Family caregivers of stroke survivors are at risk for negative health outcomes such as depression, psychosocial impairments, and even mortality as a result of providing care. Shortened hospital stays have contributed to the urgent need for caregivers to manage difficult and time-consuming tasks required for the care of stroke survivors in the home setting. The purposes of this study were to (a) identify which tasks were perceived as most time-consuming and difficult, (b) determine which of these tasks were most predictive of mood and other negative caregiver outcomes, and (c) evaluate the psychometric properties of the Oberst Caregiving Burden Scale (OCBS) as a measure of tasks in stroke caregivers. A cross-sectional design was employed using mailed questionnaires from 116 family caregivers of stroke survivors featuring the OCBS, the Profile of Mood States Short Form, and the Bakas Caregiving Outcomes Scale. The tasks perceived as most time-consuming and difficult, which also were predictive of mood and other negative caregiver outcomes, were managing finances, managing behaviors, and providing emotional support. Strong psychometric properties of the OCBS were found at both item and subscale levels. Developing an individual profile using the OCBS items may help to target individual support interventions for caregivers. Suggested interventions include referring caregivers to resources for tasks that fall outside the scope of nursing practice, supporting caregivers with tasks such as providing emotional support or managing behavioral problems, and encouraging caregivers to seek care for their own physical, emotional, or social needs.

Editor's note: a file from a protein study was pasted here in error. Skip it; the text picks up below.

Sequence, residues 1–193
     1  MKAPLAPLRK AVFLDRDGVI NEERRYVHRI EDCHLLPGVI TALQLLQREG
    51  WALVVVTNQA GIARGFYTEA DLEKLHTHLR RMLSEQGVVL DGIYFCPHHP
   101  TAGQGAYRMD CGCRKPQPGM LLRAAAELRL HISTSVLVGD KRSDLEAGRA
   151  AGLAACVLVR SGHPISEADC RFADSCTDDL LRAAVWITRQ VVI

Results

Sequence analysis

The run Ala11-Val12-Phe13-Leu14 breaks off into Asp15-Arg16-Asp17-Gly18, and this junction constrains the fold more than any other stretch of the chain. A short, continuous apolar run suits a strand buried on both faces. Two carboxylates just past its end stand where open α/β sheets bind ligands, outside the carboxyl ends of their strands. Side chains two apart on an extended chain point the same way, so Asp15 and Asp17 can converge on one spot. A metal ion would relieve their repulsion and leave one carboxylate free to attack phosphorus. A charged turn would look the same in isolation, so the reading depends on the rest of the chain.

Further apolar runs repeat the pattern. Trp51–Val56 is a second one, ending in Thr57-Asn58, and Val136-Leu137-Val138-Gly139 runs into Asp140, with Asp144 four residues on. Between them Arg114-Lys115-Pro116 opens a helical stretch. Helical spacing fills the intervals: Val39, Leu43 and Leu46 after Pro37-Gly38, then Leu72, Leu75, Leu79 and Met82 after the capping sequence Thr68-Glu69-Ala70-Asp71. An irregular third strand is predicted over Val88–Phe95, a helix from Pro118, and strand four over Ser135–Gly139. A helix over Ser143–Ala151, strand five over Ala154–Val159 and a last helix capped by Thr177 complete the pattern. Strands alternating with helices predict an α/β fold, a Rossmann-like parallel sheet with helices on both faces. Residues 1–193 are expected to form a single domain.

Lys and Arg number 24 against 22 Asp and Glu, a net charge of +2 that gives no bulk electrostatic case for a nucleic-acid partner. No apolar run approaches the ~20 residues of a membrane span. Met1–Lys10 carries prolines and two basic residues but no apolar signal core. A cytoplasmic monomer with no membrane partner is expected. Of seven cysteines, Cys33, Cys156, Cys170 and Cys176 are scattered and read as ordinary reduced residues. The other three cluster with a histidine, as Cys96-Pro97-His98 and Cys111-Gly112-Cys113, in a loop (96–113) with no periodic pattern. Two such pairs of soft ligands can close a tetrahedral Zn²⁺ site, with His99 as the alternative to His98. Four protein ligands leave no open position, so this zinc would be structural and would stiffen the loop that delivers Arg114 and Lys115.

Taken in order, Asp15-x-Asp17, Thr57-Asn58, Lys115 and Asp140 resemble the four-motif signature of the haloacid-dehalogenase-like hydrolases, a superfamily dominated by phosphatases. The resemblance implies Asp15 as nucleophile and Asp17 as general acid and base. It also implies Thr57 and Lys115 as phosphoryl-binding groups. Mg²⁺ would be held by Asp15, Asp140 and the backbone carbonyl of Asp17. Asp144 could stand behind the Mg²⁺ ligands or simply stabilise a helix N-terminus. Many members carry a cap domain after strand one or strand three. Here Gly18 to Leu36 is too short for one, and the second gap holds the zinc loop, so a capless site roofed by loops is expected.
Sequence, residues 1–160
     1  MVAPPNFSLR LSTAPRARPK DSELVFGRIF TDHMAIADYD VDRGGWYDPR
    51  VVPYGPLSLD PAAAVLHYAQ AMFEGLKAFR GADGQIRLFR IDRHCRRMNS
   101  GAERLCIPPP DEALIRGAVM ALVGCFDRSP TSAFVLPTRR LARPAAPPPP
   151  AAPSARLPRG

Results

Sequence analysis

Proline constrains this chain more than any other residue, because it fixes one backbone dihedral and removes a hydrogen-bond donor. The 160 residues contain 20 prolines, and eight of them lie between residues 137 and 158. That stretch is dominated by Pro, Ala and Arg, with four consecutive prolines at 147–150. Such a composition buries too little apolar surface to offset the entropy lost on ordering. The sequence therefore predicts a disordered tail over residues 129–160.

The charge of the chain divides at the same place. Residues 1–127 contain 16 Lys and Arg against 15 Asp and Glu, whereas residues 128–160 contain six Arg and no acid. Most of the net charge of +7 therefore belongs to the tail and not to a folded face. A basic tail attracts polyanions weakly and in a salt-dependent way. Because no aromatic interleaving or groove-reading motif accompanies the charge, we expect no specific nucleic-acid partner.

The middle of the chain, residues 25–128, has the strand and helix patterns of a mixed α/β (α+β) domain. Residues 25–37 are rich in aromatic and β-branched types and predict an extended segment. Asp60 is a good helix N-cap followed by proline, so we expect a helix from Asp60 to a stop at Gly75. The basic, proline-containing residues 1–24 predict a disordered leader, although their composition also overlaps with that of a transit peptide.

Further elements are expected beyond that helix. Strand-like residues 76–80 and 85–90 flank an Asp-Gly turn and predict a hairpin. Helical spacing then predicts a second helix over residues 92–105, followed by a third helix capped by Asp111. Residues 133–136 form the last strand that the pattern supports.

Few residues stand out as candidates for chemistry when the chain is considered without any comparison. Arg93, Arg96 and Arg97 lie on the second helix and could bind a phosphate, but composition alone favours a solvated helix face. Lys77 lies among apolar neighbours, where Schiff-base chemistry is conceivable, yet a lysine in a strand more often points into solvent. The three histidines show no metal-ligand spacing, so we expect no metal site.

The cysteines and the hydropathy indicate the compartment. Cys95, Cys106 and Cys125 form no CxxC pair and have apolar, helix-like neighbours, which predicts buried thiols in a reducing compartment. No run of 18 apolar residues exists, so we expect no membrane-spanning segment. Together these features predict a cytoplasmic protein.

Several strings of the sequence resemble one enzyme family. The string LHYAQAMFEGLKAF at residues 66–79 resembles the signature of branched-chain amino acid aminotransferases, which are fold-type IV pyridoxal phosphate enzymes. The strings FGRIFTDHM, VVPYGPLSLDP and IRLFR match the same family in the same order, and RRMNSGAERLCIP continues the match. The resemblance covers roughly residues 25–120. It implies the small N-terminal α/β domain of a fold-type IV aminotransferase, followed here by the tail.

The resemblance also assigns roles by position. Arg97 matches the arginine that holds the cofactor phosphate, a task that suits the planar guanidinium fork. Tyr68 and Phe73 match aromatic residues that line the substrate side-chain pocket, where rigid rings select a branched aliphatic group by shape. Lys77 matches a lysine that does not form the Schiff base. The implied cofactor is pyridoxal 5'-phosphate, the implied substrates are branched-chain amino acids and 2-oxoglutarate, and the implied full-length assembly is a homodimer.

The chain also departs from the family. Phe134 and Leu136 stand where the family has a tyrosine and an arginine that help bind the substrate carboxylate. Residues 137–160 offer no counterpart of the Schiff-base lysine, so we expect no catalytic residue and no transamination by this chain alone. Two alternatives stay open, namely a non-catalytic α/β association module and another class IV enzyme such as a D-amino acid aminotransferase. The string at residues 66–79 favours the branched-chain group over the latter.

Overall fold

Questions or comments about this article may be directed to: Tamilyn Bakas, DNS RN FAHA, by phone at 317/274-4695 or by e-mail at firstname.lastname@example.org. She is an associate professor at the Indiana University School of Nursing, Indianapolis.
Joan K. Austin, DNS RN FAAN, is a distinguished professor at the Indiana University School of Nursing.
Samantha L. Jessup, BSN RN, is a graduate student at the Indiana University School of Nursing.
Linda S. Williams, MD FAHA, is an assistant professor at the Indiana University School of Medicine.
Marilyn T. Oberst, EdD RN FAAN, is professor emeritus at Wayne State University College of Nursing, Detroit, MI.
© 2004 American Association of Neuroscience Nurses